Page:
Changes because of aging cause numerous elderly people to require assistance in carrying out daily activities. From this need arises the figure of the elderly caregiver, who in different situations, passes under an inattentive gaze and without training related to care, resulting in stress for both the elderly person and the caregiver3.

The family becomes the fundamental support of care for the elderly4 and represents an informal support network, because the care is performed voluntarily, being a partner of the formal social support networks, which consist of professionals trained to provide care for these individuals. In this context, relative caregivers are the individuals who perform elderly care in their own family.

The relative caregiver feels satisfaction in providing care, but this is also work5. Providing care for a dependent individual involves considerable biopsychosocial commitment, beyond the financial burden that commonly falls on the caregiver's family4. The existence of strategies, such as social support networks, can reduce the negative implications related to this act of caring, in which family members find help and assistance to meet their needs in everyday situations and/or crises4.

Social support covers the structure of the social relationships network and the adequacy of its function, particularly the degree of the person's satisfaction with the support they receive. Its existence has been strongly associated with positive outcomes6 and related to the structural and institutional dimension linked to the individual7.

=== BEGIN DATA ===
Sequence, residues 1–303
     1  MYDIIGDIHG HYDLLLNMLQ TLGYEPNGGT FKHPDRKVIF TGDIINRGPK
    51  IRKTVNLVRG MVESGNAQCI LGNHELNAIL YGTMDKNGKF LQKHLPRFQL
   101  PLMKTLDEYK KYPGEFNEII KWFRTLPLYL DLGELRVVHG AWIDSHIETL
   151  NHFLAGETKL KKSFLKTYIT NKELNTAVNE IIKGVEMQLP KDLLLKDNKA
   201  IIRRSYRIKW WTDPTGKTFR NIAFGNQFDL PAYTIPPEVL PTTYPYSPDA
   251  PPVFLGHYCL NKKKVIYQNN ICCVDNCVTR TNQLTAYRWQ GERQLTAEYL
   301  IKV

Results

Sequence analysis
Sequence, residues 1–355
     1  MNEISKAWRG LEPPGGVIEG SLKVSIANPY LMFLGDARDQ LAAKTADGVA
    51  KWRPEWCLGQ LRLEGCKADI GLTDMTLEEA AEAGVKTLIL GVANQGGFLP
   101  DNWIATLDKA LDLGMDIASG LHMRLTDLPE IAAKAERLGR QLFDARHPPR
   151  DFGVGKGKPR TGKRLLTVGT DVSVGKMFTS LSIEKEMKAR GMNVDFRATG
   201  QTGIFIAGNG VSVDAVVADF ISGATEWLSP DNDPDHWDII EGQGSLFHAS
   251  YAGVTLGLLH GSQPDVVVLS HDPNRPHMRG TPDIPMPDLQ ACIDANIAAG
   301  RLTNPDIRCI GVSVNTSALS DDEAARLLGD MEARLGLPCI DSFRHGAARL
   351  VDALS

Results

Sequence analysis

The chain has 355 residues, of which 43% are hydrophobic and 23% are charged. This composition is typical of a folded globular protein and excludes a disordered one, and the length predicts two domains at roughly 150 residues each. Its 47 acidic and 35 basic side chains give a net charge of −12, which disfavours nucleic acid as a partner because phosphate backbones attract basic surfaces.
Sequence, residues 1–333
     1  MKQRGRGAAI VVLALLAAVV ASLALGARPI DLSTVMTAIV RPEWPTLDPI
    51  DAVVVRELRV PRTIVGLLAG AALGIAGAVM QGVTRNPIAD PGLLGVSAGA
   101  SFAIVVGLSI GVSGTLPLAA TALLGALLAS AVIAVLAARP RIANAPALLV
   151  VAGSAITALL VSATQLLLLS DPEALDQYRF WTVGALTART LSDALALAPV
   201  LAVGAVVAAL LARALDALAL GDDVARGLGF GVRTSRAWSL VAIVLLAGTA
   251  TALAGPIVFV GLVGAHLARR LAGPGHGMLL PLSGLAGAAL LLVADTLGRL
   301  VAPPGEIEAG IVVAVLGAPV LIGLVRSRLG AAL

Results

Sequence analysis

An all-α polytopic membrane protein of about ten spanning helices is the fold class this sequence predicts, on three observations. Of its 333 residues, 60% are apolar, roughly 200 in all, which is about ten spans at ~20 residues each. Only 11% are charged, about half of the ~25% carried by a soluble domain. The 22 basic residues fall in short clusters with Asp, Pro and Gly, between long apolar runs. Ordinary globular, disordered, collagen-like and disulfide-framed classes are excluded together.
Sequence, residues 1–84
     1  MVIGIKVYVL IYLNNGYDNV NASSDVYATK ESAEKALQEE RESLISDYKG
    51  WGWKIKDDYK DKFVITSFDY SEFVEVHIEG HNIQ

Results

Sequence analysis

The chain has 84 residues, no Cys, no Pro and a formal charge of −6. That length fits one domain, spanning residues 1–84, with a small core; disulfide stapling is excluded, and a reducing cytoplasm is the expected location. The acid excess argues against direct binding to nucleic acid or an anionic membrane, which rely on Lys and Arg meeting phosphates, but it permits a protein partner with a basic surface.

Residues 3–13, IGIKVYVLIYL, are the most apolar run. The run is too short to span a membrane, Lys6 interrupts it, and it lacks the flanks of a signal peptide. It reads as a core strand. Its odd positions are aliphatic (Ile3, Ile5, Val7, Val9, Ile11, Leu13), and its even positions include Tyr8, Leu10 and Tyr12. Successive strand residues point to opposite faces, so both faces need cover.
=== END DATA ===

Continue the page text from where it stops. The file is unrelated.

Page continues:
Moreover, social support includes features provided by others such as: 1) emotional, involving expressions of love and affection; 2) instrumental, regarding to assistance, provision of material needs, and help with practical and financial work; 3) information, which may be used to deal with problems and solving them; 4) and positive social interaction, including the availability of people with whom one can have fun and relax. In this context, social support is one of the intervening variables in the quality of life (QOL) of the relative caregiver and the dependent person, granting the family freedom to return to their normal life8.

Studies on the influence of social support on the QOL of relative caregivers of people with dependency have identified the fact that caregivers who receive some kind of support from family and friends associated themselves with better satisfaction in interpersonal relationships. In addition, caregivers who were dissatisfied with their social relationships had increased burden7.

This fact may be associated with the subjective assessment of the caregiver regarding the definition of QOL, which according to the World Health Organization, is the perception that the individual has about their position in life, concerning the culture and value system in which they live and in relation to their goals, expectations, standards, and concerns9.